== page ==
The Market's Mixed Messages
[Thanks to thefreedictionary.com for the image.]
I don't know about you, but I'm sick of reading one day that the housing slow-down is bottoming out, and the next that it has just begun; that the Fed must lower rates to combat the coming recession, and then that it must not do so because of signs of rising inflation; that the credit crunch is winding down now that the huge financial houses have admitted some of their shortcomings by writing off a few billion each, and then that the credit earthquake has only begun; that Countrywide is fine, and then no, maybe it's going bankrupt; that GDP will slow only slightly this year, and then that the government must find ways of halting the coming recessionary carnage.
Make up your minds, folks. Stop whipping us around. Shut up, for once.
All this makes me realize that we'd be a lot better off: (1) if the government were too small to do anything about this crisis; (2) if Countrywide had declared Chapter 11 many months ago instead of borrowing money from Bank of America and the Federal Home Loan Bank (i.e. you and me); (3) if the Fed had no hands on interest rates or "monetary equilibrium," but instead concentrated on maintaining the clearing house aspect of their job and on protecting the consumer through education and oversight; (4) if we Americans got a little religion about credit and how to manage it, how not to live above our means, and how to save instead of spend ourselves into trouble; (5) if we Americans stopped having faith in politicians and pseudo-scholars to cure all our ills, but instead simply studied the intent of those who wrote the Constitution; (6) if gold could be used as legal tender.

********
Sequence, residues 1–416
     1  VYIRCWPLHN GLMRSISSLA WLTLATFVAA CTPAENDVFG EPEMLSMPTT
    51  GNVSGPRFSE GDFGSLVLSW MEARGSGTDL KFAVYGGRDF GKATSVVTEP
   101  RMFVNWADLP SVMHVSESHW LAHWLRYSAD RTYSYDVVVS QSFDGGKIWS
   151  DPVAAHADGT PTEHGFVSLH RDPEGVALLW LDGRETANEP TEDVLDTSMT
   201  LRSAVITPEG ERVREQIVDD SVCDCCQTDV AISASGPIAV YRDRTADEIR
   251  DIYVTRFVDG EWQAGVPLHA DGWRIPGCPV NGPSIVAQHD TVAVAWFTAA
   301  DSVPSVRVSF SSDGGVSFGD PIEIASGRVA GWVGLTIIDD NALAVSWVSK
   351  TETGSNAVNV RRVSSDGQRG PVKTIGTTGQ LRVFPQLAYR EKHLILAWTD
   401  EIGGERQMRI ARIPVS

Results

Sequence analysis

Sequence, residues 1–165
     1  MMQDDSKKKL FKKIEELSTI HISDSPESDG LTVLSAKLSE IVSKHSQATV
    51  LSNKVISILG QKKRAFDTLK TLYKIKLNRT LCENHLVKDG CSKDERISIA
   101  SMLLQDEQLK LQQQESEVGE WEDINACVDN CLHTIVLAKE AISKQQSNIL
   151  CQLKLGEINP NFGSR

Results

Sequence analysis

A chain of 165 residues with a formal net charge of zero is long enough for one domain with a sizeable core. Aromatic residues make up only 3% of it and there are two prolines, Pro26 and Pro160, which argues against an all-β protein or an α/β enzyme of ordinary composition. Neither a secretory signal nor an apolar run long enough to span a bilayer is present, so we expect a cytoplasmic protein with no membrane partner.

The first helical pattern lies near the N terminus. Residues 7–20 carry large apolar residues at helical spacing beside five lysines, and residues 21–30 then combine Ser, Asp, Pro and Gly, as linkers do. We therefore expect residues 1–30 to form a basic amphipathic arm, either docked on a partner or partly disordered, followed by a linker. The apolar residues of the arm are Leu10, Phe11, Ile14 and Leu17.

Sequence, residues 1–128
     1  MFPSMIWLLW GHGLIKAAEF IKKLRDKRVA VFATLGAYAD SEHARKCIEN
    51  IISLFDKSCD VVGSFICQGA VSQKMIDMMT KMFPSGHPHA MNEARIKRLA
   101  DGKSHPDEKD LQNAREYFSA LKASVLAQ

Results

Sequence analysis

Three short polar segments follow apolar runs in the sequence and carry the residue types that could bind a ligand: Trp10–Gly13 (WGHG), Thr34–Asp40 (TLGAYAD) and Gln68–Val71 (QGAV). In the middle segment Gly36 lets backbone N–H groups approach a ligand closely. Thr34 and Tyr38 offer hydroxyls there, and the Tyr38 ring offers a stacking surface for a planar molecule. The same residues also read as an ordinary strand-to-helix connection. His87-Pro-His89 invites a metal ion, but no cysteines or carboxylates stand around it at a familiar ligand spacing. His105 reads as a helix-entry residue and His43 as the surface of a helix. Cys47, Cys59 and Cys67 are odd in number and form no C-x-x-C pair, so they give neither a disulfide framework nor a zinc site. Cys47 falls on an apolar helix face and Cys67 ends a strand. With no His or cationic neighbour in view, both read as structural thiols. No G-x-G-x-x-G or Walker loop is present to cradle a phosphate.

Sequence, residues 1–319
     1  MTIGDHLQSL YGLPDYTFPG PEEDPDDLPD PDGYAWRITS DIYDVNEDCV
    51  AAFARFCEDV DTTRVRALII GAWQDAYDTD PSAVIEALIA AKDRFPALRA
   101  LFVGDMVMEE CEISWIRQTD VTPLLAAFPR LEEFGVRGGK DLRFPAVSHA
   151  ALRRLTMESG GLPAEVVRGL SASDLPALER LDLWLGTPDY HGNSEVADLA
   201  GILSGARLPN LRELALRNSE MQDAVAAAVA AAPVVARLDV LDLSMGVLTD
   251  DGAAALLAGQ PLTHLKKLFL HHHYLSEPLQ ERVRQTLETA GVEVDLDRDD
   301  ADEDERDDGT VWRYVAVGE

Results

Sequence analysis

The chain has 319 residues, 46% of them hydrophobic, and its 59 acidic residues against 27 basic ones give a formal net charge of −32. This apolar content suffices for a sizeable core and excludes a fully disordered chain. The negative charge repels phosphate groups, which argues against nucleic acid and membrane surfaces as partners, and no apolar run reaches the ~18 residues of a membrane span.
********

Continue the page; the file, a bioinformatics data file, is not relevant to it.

Thank goodness I've got my sedative: I relax just watching the metal as it shines. Once again, folks:
You can take gold out of the standard, but you can't take the standard out of gold.
Okay, it may turn into a bubble, but it's always the last bubble, and the biggest one before we move into the inebriate's perennial hangover mode.